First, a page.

Have you taken a good look at your roof lately?  We know it's probably covered with snow right now, but do you know what type of roof is under that snow? A roof is a home's first line of defense against the elements; it's the primary protector for the home structure underneath, so as the owner of that home it's a good idea to be familiar with your roof.  If you're like most American homeowners, your roof is probably made of asphalt shingles.  Do you know its age?

Most professional roofers - as well as roofing manufacturers - recommend that you have your roof inspected at least annually, although some experts recommend two inspections:  one in the early spring to detect any winter damage, and one in the fall to make sure your roof as survived the wind-blown rainy spring and fall seasons and is ready for another winter.  Roof inspections are offered at no cost by many roofing contractors, and they are extremely important because if minor damage or a potential trouble area is spotted early and corrected, major repairs can be averted.

But sometimes repairs aren't the best choice.  If your roof is approaching the end of its life-cycle (for most older roofing shingles, that's 15-20 years, although now manufacturers offer choices up to 30 years), or if more than one third of your roof needs repair, it's time for a replacement.  But don't assume that the best choice for a new roof is the same type of material that's on it now.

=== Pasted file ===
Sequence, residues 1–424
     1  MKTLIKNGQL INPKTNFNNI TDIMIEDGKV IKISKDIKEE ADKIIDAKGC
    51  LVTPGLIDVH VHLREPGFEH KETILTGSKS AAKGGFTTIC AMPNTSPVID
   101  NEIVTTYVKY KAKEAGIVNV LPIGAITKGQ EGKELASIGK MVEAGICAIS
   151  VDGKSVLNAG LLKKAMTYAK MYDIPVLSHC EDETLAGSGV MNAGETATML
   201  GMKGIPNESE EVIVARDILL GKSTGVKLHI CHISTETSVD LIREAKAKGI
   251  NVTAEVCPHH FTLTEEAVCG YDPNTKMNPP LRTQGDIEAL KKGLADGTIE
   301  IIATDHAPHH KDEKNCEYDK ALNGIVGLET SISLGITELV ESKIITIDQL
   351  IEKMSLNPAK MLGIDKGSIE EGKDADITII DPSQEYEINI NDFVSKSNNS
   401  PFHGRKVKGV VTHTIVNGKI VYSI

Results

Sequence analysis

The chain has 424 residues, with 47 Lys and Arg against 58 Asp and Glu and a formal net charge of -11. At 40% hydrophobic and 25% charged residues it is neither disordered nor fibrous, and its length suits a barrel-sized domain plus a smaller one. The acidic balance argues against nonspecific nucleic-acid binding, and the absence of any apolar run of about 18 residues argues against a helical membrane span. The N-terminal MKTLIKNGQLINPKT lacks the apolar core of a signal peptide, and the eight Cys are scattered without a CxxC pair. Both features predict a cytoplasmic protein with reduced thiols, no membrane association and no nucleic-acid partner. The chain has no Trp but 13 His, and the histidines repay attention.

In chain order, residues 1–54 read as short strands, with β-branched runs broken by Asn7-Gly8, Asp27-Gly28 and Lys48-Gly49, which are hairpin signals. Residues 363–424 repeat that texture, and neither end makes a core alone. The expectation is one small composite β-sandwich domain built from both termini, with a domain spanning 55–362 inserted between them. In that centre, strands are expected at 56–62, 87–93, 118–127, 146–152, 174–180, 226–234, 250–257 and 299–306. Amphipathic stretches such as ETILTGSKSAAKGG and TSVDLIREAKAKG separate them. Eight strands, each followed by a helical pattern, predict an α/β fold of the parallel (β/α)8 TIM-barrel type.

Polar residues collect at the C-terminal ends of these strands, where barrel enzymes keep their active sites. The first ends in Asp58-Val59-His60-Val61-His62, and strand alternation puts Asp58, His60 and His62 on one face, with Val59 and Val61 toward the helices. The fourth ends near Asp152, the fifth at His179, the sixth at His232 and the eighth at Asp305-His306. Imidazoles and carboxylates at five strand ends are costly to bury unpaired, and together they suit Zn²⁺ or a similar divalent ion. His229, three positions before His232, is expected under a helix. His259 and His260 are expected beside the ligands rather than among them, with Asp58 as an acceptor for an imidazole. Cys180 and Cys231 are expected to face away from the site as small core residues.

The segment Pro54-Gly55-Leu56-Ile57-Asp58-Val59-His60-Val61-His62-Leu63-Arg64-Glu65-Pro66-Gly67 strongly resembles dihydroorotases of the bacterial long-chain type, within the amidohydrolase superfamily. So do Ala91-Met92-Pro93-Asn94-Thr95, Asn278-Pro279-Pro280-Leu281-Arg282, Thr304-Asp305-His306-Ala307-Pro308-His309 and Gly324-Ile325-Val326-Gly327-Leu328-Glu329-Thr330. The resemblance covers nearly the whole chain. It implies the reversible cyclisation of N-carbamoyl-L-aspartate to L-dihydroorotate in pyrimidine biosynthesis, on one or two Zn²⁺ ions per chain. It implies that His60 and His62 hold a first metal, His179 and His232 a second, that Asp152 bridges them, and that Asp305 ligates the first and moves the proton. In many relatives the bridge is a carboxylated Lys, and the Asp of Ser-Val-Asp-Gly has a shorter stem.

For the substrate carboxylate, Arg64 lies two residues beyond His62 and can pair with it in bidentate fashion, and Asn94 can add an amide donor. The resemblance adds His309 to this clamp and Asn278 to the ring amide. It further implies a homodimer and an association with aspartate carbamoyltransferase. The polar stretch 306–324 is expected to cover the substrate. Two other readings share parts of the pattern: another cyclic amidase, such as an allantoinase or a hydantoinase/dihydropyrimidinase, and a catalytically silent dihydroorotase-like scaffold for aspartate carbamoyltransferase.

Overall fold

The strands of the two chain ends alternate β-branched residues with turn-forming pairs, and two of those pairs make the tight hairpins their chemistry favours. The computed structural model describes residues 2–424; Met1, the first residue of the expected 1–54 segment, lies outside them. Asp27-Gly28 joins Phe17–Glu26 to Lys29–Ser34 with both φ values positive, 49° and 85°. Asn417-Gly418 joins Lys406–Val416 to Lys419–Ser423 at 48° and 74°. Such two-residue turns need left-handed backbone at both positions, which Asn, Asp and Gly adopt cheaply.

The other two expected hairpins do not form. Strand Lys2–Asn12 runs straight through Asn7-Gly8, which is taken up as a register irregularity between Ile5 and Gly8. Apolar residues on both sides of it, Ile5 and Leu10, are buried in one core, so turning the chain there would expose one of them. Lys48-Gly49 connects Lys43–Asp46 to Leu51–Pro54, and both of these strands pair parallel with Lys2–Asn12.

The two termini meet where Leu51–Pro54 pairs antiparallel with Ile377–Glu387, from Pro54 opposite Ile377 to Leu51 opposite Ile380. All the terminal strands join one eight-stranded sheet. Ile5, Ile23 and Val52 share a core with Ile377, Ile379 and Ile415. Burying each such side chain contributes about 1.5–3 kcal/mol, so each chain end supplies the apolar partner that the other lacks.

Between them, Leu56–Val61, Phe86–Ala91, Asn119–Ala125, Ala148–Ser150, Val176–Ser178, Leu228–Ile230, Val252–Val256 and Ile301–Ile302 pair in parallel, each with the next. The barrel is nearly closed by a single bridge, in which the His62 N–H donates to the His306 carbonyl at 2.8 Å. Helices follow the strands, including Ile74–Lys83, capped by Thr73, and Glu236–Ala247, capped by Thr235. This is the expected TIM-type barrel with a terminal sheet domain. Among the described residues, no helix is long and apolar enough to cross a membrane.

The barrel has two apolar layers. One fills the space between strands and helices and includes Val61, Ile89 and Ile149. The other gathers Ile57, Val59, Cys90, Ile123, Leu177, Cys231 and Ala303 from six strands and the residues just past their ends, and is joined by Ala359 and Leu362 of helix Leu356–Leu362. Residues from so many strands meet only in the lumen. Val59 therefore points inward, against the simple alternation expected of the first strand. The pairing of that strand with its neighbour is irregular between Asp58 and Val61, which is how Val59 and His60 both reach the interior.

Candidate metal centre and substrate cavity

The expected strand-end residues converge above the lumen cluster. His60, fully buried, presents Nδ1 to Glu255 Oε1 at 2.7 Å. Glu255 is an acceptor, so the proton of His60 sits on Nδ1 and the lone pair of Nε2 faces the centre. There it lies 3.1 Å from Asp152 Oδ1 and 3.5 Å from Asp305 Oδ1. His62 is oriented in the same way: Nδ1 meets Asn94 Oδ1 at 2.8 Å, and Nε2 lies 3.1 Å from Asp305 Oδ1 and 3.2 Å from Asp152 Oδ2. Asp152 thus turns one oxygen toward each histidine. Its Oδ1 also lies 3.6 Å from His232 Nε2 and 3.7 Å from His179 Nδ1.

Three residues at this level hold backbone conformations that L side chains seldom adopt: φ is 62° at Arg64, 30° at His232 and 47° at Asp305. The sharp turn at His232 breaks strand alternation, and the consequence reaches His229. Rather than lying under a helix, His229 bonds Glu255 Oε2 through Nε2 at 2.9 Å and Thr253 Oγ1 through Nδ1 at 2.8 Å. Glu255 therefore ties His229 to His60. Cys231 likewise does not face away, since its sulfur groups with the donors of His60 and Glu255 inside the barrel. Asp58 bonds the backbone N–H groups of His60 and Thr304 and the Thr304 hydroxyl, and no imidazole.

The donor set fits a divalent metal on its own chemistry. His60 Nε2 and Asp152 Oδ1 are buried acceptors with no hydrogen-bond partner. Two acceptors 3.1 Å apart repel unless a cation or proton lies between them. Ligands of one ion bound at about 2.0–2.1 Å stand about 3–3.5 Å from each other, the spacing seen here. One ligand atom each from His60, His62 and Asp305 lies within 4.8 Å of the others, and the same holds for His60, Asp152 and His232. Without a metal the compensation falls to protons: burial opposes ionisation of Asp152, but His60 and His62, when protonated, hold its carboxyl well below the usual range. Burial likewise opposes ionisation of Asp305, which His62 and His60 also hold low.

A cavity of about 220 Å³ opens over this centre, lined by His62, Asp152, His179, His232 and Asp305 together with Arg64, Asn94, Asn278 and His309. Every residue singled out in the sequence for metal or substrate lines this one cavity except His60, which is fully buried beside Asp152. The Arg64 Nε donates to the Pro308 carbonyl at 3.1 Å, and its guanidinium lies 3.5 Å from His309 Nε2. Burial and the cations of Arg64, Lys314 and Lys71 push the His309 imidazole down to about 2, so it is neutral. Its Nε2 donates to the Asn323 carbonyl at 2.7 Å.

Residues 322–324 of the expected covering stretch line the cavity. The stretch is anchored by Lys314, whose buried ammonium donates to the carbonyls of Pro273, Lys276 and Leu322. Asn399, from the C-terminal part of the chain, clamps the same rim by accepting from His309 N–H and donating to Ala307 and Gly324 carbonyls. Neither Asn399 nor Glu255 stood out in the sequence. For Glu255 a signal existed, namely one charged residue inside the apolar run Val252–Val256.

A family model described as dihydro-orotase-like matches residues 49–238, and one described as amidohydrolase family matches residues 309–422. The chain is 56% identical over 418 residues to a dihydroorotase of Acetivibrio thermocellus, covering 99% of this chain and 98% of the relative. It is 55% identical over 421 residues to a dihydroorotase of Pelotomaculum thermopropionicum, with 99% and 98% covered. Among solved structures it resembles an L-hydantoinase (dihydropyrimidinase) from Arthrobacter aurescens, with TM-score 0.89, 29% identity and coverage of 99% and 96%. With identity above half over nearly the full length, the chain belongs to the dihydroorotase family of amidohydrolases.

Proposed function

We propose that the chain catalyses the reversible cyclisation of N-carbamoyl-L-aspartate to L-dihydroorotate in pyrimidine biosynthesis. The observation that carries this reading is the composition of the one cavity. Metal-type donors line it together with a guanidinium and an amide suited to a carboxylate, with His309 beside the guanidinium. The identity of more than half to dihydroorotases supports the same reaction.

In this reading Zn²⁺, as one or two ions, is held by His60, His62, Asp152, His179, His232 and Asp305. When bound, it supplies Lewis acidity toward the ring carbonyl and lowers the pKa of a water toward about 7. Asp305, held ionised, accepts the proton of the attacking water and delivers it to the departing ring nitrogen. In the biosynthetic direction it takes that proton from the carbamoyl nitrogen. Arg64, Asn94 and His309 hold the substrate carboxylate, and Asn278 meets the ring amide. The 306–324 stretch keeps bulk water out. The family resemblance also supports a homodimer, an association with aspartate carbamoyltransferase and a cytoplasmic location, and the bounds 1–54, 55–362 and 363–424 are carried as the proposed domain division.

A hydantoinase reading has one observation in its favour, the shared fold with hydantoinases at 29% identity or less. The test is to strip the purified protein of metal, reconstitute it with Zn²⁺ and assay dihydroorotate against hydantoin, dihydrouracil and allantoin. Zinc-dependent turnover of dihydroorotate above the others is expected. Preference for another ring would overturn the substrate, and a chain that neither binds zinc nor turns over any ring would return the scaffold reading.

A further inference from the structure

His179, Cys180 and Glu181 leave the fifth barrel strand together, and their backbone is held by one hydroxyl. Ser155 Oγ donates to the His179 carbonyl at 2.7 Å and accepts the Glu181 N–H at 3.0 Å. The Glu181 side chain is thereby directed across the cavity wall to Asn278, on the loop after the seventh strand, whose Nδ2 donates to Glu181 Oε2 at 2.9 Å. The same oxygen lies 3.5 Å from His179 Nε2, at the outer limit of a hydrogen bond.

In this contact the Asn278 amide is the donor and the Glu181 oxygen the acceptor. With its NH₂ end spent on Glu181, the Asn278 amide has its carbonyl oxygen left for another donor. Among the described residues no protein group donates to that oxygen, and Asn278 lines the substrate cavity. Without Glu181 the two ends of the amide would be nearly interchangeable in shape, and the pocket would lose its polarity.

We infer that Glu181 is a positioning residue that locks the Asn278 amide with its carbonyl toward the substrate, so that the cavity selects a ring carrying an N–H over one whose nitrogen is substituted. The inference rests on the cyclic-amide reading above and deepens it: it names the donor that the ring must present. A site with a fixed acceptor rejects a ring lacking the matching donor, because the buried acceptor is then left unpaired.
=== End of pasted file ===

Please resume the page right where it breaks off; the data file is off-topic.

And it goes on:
Even though an asphalt-shingled roof is the most common, it's not the best choice from an environmental standpoint.  Asphalt shingles are a petroleum product, and use of petroleum for building materials further complicates the dependence on oil as well as its ecological impact.  Also, if an asphalt roof needs a tear-off, it's not recyclable, so off it goes to the landfill.  According to the National Association of Home Builders, nearly 1.4 billion pounds of asphalt shingles end up  in landfills each year.

May we suggest a more environmentally friendly roofing option?  Consider metal roofing.  Many metal roofing materials today are composed at least partly of recycled metal.  And if and when that roof wears out and needs to be torn off, it's 100% recyclable itself.  Metal roofs are a great sustainable alternative to asphalt shingles which deplete fossil fuels.  Metal roofs are also lightweight, so they usually can be installed over an existing asphalt roof, which avoids sending that old roofing material to the landfill - that's a double plus.  And metal roofs far outlast their asphalt counterparts; in fact, it's estimated that most metal roofs installed today will outlast the homes they protect.  Finally, metal roofs by and large are more energy-efficient than asphalt ones.

When it comes time to replace your old petroleum-based asphalt roof, consider a more environmentally friendly choice - look into the beautiful and durable options available in residential steel and other metal roofing, a green building product.  Quarve Contracting specializes in green remodeling, and we install metal roofs in the Twin Cities area.